Last week I attended the funeral of Louise Kughn, my former mother-in-law. She was the grandmother of my three children. I listened to what the speakers had to say, which reminded me of the importance of making memories and of sharing stories about those memories. The first speaker eloquently spoke of Louise’s faith and of her love and service to others. He referred to the general timeline of her life, how her own mother had died when she was only a teen-ager. She had assumed many responsibilities of rearing her younger brother and sister. He spoke of Louise’s sweet personality and loving disposition. Then my older son, Jeremy, Louise’s second oldest grandchild, related many details about her that rounded out the description of who Louise was. He said that all four of her grandchildren thought going to her house in Gallipolis, Ohio, a tiny town on the Ohio River, provided many of their best memories. Louise planned all year for the 10-14 days of our annual visit. Jeremy remembered that, prior to their visit, his grandparents would get large boxes from nearby stores. When the grandchildren visited, they would head for the steep hill off the patio, and they would ride up and down on

the flattened boxes. Grandmother Louise, in her younger days, would often accompaSherry ny them up and down Kughn the hill. Jeremy told how much his grandmother prepared for their annual trips by Sherry-Go-Round cooking many dishes of food in advance. The parsonage had a basement with a set of steep steps leading down to the freezer. He remembered how she would bring up all kinds of food. Her apple pies were his special favorites. Jeremy said that he remembered that his great-grandmother once lived with his grandparents. He said that he and his brother and sister figured out pretty quickly that they could easily startle Great-grandmother Jewel and her son, their Granddaddy Kughn. However, none of the children would ever startle Grandmother Louise. “She was just too sweet,” Jeremy said.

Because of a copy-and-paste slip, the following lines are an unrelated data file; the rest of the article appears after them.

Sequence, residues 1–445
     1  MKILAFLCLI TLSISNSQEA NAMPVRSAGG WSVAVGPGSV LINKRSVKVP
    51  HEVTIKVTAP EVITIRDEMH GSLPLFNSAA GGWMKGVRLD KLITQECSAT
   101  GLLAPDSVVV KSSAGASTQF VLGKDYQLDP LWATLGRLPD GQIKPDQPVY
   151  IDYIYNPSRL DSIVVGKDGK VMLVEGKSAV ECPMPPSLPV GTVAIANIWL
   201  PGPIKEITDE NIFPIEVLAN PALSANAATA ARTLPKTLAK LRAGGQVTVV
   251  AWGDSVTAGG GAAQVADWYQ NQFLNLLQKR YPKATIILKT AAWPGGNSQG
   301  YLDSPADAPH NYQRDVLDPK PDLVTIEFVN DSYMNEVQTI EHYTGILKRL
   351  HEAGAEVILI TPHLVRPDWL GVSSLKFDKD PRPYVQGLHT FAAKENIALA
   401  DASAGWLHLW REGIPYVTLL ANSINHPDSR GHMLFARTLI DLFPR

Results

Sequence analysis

He told how Grandmother Louise once changed her hairdo, which stunned him and his siblings. She was always a brunette who wore her hair in a bouffant. One day, when the Kughns were visiting at our home in Weaver, Jeremy was told to walk inside the local hair salon and tell Grandmother Louise that we were there to pick her up. However, he returned to the car and said she was not inside. Shortly thereafter, she stepped outside the salon with a white bouffant, her natural color. “When we children returned to the house,” he said, “we sat around and just looked at her for a day.” Jeremy closed by saying that his grandmother was now an angel, and everyone who knew her would know that she is the angel with dangling earrings. The messages from both speakers gave listeners a well-rounded view of the woman they honored at the funeral. One was a general viewpoint, and the other provided enlightening details of Louise’s life. She had taken the time to make memories, and she would be proud of the fact that one of her grandsons shared his memories. Email Sherry at

Maybe graduates, voters move on to better things

May 6, 2013, President Obama gave a speech to Ohio State University graduates saying, “Unfortunately, you’ve grown up hearing voices that incessantly warn of government as nothing more than some separate, sinister entity that’s at the root of all our problems.” He continued, “They’ll warn that tyranny is always lurking just around the corner. You should reject these voices. Coincidently, our Founding Fathers spoke often of tyranny and the need to be ever vigilant against this threat to freedom. Thomas Jefferson famously said, “When the people fear the government, there is tyranny. When the government fears the people, there is liberty.” Jefferson also wrote, “Experience hath shewn, that even under the best forms of government those entrusted with power have, in time, and by slow operations, perverted it into tyranny.” Do we fear the government? Has our government in Washington been perverted into tyranny? Over the past 20 years the Gallup poll has documented a slow roller coaster of Americans’ trust in the federal government. In Gallup’s question: “How much of the time do you think you can trust government in Washington to do what is right – just about always, most of the time, or only some of the time?” Gallup’s chart in 1993 show 77-percent “Only some of the time/Never” and “Just about always/Most of the time” at 23-percent.